The goal of this NRSA F31 award is to provide support for my Ph.D. training. A thorough outline of my research training, coursework, and research thesis are described in the application, all of which are designed to prepare for a successful career in academic science. The proposed research investigates the spatial regulation of olfactory receptor (OR) expression and neuronal identity during olfactory neurogenesis. ORs are expressed in stripes along the olfactory epithelium (OE), a characteristic that is essential for proper development of the olfactory circuit, yet, it remains unknown when and how spatially influenced gene choices occur during olfactory neurogenesis. Each olfactory sensory neuron (OSN) expresses one OR out of over 1000 different OR genes. OR gene selection defines the functional neuronal `cell fate' of each OSN. Additionally, dorsal OSNs express the enzyme NQO1, while ventral OSNs express the olfactory cell adhesion molecule, OCAM, providing another measure of spatial gene expression across the OE. Understanding how and when spatially influenced neuronal cell fate commitment occurs is essential to answering outstanding questions in olfactory biology and is critical for informing the potential development of olfactory transplantation therapies for people with reduced sense of smell, or anosmia (a condition that affects 1/2 of those 65-80, degrading nutrition and quality of life). During transplantation, it is crucial that transplanted cells are committed to a neuronal lineage, but malleable in respect to spatially influenced cell fates in order to avoid negative systems such as phantosmia, characterized by olfactory hallucinations. The stem (SC) and progenitor cell populations of OE can be broken down into different stages of neuronal commitment from SCs with the ability to give rise to all OE cell types, to immediate neuronal precursors (INPs), one stage prior to the immature neurons. OR/NQO1/OCAM expression begins in the immature neurons and it is likely that spatial gene choice immediately precedes expression; thus, Specific Aim 1 tests whether the NQO1 vs. OCAM gene choice has occurred by the INP stage of olfactory neurogenesis, through a series of transplantation experiments.
Specific Aim 2 tests the hypothesis that OR gene choice is influenced by spatial cues, through a series of transplantation, single-cell RT-PCR and in situ hybridization experiments. The proposed research work will be coupled with rich career development opportunities including meeting attendance, grant writing, manuscript writing, and teaching opportunities. Thus, the described research is designed to provide the foundation for a successful career in academic science.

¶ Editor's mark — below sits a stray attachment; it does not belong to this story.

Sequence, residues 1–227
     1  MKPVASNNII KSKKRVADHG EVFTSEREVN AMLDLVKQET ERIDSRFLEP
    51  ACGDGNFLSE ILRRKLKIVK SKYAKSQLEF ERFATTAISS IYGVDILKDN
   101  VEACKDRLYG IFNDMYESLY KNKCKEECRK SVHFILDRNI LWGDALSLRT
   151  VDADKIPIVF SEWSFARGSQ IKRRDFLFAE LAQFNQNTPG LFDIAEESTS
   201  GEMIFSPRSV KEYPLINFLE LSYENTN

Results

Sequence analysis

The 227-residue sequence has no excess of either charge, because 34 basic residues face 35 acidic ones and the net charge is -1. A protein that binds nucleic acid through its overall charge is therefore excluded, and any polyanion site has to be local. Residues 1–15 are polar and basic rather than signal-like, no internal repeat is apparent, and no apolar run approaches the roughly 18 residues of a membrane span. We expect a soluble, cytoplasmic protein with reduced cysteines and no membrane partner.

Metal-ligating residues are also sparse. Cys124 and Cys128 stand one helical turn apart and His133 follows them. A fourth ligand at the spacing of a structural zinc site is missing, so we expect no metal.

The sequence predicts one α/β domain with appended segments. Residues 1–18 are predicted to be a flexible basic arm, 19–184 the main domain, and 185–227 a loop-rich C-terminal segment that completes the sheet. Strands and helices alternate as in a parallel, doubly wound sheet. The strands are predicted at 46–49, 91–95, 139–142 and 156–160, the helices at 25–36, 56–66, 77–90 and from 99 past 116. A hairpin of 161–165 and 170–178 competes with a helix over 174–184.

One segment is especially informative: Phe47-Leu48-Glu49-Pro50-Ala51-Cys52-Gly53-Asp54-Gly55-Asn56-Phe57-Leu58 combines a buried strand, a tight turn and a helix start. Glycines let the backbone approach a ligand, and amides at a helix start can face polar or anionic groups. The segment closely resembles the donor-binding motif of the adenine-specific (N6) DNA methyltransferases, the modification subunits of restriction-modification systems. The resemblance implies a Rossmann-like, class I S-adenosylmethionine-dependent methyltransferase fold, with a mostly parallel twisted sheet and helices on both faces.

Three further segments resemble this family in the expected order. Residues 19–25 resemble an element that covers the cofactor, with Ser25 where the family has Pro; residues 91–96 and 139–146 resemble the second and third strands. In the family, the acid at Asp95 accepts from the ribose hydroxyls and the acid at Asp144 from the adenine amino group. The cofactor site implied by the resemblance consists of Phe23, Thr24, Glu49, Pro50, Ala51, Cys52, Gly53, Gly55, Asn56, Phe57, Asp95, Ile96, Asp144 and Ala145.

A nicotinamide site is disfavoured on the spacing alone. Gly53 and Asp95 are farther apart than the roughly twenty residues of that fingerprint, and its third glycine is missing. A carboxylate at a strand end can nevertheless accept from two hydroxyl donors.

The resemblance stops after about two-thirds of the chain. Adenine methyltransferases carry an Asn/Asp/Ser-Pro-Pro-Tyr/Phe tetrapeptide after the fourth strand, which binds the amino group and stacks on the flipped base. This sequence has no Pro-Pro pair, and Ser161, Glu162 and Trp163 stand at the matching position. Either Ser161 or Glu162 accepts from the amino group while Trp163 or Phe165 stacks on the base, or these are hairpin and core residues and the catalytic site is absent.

Decreased olfactory function, termed anosmia, affects 1/2 of those 65-80, degrading nutritional status and quality of life. This proposal aims to understand when and how spatial cues influence neuronal cell fate decisions in the olfactory epithelium, with the ultimate goal of informing the development of safe transplantation therapies for the over 200,000 people each year seeking anosmia treatment.
|Coleman, Julie H; Lin, Brian; Schwob, James E (2017) Dissecting LSD1-Dependent Neuronal Maturation in the Olfactory Epithelium. J Comp Neurol 525:3391-3413|
|Lin, Brian; Coleman, Julie H; Peterson, Jesse N et al. (2017) Injury Induces Endogenous Reprogramming and Dedifferentiation of Neuronal Progenitors to Multipotency. Cell Stem Cell 21:761-774.e5|
|Schwob, James E; Jang, Woochan; Holbrook, Eric H et al. (2017) Stem and progenitor cells of the mammalian olfactory epithelium: Taking poietic license. J Comp Neurol 525:1034-1054|
|Schnittke, Nikolai; Herrick, Daniel B; Lin, Brian et al. (2015) Transcription factor p63 controls the reserve status but not the stemness of horizontal basal cells in the olfactory epithelium. Proc Natl Acad Sci U S A 112:E5068-77|